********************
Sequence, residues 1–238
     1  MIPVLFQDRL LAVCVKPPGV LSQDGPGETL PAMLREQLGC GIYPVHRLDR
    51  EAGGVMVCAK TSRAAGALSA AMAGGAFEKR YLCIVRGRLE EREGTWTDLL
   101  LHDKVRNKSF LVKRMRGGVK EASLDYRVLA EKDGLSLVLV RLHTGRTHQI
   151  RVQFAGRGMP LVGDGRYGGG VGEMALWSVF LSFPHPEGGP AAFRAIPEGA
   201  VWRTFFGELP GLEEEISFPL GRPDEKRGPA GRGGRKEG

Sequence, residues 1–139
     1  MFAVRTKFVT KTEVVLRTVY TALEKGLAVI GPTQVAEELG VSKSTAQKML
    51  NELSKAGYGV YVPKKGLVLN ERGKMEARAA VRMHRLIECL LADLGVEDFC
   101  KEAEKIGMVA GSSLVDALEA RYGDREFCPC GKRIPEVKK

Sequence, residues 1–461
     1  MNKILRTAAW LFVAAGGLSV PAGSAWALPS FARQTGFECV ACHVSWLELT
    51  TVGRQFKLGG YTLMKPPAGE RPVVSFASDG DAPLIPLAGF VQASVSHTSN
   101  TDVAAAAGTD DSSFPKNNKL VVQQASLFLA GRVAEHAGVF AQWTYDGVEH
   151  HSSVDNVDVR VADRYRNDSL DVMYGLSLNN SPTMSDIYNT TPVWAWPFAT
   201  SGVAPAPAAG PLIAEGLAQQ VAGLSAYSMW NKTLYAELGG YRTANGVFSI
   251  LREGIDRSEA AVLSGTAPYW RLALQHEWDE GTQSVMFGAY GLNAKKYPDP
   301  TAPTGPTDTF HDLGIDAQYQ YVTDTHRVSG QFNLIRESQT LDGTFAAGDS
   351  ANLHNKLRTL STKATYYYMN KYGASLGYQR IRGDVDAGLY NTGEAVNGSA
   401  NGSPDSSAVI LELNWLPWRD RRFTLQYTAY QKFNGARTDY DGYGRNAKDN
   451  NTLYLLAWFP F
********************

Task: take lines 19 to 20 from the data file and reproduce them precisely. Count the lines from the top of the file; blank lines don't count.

   351  ANLHNKLRTL STKATYYYMN KYGASLGYQR IRGDVDAGLY NTGEAVNGSA
   401  NGSPDSSAVI LELNWLPWRD RRFTLQYTAY QKFNGARTDY DGYGRNAKDN